Selling alcohol at college games has been something of a social experiment at University of Tennessee-Knoxville (UT-Knox). USA Today is now reporting that the City of Knoxville has targeted the school’s alcohol vendor, Aramark. The city intends to hold Aramark responsible not just for the beer but also for the behavior of fans. At the very least, the city aims to suspend alcohol sales for three home games in the next fiscal season.
Alcohol Problem at UT-Knox
UT-Knox benefited from a confluence of policy change. This came at the state level as well as from the Southeastern Conference. As of 2019, this enabled the school to sell alcoholic beverages at its games. As many other states still deliberate over whether or not to do what Tennessee has done, UT-Knox jumped on the opportunity, which has made them a case study for American institutions.
The school has suffered several public embarrassments over its alcohol sales and patrons’ behaviors. Among the most high-profile examples occurred at the Vols’ October 2022 rivalry win against Alabama’s Crimson Tide. At the time, Knox News reported nine arrests and 39 ejections. Almost all of these were attributed (at least in part) to alcohol with 22 liquor law violations according to university police. Those came with five public intoxication charges filed by law enforcement. There was also a public intoxication charge in tandem with a simple assault charge.
Social Drivers of Alcohol Use Disorder
Alcohol sales have generated significant revenue for the University of Tennessee. The 2021-22 school year generated over $3.6 million in alcohol sales at UT, according to Knox News. The bulk of alcohol sales came from football and baseball games. However, this windfall hasn’t come without scrutiny. In August, we reported how those numbers demonstrate correlation between alcohol consumption and sports spectatorship.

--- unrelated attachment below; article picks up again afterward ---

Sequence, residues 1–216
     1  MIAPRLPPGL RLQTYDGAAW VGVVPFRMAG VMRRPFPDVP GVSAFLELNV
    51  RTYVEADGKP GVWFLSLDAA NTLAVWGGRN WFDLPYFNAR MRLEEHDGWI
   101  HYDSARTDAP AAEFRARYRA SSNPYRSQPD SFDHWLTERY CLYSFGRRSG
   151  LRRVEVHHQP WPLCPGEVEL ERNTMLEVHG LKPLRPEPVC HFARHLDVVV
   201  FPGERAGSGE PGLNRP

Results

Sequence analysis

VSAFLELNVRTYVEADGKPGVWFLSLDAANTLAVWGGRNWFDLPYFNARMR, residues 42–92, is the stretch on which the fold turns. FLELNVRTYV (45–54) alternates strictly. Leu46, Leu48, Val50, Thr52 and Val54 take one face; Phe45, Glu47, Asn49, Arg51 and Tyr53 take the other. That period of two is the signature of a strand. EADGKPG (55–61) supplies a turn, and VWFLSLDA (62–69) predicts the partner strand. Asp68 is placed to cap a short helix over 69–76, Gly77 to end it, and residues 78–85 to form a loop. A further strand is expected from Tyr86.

Tailgating is one of several sports traditions that socially cause people to drink, especially students and other young adults. A study published over the summer in 2022 illustrated how this links to “extreme ritualistic alcohol consumption” (ERAC).
A 2020 study also analyzed the linkage between event-specific drinking occasions, problem drinking and alcohol-related consequences. The study found a broad spectrum of college students’ alcohol use, consequences and behaviors. However, ERAC proved prevalent in event-specific drinking occasions.
Knoxville vs. Aramark, UT-Knox
A decision was scheduled to come on Dec. 19, 2022 for whether Aramark has legitimate grounds to dismiss parts of Knoxville’s filed complaint. The suit was originally filed for Aramark selling beer to underage patrons at Neyland Stadium.
Now, the complaint is being expanded to include holding the vendor responsible for the unruliness of fans. At worst, Aramark could lose its beer license if the city has its way.
The city’s complaint argues that Aramark not owning Neyland Stadium “doesn’t absolve them for responsibility for the premises in which their patrons are drinking.”
Aramark previously had violations in recent years that were more or less expunged when the company reapplied for new beer permits. In one case, this was necessary due to the expansion of Aramark’s premises in July 2022.
Neyland Stadium also had seven busts for underage alcohol sales for a 2019 Garth Brooks concert. That was the first year the venue sold alcoholic beverages. Three more busts have come this season, too. In total, the venue has seen 12 such violations.
Underage Drinking Problem
While underage, binge drinkers statistically set themselves up to engage in riskier behaviors later in life. This includes other substance use disorders like those of marijuana or cocaine according to SAMHSA.
Drinking also hinders the decision-making faculties of users. The younger the individual, the less capable they may be considered to be to make sound decisions in the first place.
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